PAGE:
Background: The relationship between serum uric acid levels and the prognosis of acute stroke and Traumatic Brain Injury (TBI) is not clear. We investigated the value of serum uric acid levels for predicting poor neurological outcomes of acute stroke and traumatic brain injury.
Methods: 140 patients with acute ischemic stroke and Traumatic Brain Injury (TBI) were admitted to hospital and levels of serum uric acid (μmol/L) were determined from venous blood within 24 h. Clinical data was analysed by logistic regression and Receiver Operating Characteristic (ROC) curves. Patients were monitored after 180-day discharge and grouped as unfavorable or favorable based on Glasgow Outcome Scale (GOS) scores.
Results: There was a significant difference in serum uric acid (285 (range 196 to 362) vs. 185 (range 120 to 258), p=0.0001) between unfavorable and favorable groups, respectively. Uric acid was determined to be an independent predictor for poor neurological outcomes of acute stroke and TBI. After adjusting for age and Glasgow Coma Scale (GCS) score, the Odds Ratio (OR) for uric acid was 1.005 (95% CI: 1.0002-1.0101, p=0.039). The area under the ROC curve for serum uric acid was 0.714 (95% CI: 0.632-0.787). The optimal cut-off value of serum uric acid determined by the maximum Youden index was 265 μmol/L (sensitivity 55.4%, specificity 82.1%). ROC analysis showed that the positive predictive value of serum uric acid was 88.9% while the negative one was 41.6%.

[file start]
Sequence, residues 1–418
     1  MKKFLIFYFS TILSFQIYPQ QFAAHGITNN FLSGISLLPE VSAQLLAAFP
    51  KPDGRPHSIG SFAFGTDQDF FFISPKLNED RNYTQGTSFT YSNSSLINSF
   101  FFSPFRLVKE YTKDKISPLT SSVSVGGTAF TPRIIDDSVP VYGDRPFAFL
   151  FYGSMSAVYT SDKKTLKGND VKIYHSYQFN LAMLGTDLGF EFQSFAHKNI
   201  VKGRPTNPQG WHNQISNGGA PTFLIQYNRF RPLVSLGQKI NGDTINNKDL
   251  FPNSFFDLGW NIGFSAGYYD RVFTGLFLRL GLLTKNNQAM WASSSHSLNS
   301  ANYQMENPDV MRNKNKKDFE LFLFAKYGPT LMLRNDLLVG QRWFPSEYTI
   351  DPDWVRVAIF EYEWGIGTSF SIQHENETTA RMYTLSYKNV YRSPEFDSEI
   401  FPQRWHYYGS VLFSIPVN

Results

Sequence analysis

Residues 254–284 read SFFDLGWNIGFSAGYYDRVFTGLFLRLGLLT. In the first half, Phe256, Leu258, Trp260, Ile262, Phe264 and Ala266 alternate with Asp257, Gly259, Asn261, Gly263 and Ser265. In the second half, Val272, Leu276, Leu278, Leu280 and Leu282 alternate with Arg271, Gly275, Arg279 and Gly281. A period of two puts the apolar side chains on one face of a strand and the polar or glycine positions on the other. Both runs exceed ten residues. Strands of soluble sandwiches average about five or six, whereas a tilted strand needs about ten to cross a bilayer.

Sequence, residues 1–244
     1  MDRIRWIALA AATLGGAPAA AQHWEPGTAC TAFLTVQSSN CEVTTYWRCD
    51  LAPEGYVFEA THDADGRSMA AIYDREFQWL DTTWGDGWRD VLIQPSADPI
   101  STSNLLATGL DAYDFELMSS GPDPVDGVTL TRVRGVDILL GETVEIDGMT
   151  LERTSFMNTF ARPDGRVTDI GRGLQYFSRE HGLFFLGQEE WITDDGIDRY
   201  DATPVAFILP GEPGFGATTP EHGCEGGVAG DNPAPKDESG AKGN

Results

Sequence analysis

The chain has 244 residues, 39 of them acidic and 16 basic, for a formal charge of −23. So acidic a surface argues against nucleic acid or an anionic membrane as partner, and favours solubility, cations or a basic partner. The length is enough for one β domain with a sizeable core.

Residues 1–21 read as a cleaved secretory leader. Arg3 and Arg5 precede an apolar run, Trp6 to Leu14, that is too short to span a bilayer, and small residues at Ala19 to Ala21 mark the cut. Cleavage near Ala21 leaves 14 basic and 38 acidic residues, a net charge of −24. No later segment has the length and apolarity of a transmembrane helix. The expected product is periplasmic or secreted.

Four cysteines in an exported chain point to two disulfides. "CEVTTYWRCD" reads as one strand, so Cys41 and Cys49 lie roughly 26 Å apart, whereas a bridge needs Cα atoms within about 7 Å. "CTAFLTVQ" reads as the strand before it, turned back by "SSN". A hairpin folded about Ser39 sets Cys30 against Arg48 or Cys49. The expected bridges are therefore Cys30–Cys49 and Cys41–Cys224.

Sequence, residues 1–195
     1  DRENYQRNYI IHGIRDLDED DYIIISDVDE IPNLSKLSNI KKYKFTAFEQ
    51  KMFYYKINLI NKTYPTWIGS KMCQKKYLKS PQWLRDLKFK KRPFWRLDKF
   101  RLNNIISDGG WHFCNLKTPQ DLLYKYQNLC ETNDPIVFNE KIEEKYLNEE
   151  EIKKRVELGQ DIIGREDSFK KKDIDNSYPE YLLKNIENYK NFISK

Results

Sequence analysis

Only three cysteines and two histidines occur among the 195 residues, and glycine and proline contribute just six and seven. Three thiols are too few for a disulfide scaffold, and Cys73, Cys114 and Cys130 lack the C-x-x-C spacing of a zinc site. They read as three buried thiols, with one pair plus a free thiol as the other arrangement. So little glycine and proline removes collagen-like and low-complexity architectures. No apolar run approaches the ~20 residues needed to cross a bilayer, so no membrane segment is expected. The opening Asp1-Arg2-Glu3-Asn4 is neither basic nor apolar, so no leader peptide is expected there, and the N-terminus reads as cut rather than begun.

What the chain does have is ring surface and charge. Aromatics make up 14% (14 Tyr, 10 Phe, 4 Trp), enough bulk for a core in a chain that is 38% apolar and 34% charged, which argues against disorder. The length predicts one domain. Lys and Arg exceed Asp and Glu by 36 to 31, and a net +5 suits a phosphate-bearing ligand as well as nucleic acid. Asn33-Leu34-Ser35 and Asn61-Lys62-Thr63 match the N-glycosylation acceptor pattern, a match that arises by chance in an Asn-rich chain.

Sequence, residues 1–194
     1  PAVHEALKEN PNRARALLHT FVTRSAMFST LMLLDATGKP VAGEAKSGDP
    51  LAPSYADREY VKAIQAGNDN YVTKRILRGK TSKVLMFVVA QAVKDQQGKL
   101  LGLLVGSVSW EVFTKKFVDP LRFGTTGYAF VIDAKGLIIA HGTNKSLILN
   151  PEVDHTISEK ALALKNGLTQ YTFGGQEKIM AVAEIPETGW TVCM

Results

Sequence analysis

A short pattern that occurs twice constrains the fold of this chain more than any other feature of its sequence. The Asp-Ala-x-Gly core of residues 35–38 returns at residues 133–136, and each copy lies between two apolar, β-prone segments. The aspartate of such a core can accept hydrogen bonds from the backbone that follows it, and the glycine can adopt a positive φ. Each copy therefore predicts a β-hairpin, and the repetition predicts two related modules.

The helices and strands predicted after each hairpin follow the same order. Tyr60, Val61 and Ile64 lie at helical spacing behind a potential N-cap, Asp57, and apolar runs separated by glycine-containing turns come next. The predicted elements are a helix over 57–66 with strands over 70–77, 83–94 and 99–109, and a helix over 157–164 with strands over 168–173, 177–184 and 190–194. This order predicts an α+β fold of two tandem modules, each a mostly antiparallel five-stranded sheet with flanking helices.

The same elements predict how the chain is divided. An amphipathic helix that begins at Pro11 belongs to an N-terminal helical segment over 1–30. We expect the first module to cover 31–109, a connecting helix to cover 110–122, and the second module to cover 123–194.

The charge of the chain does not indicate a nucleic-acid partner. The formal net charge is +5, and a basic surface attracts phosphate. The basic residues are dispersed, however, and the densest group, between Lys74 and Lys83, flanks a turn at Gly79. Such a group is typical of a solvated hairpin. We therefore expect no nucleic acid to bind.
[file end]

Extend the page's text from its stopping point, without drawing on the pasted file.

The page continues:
Conclusions: The observations suggest that serum uric acid levels could be used as an independent predictor of poor outcome following acute stroke or TBI.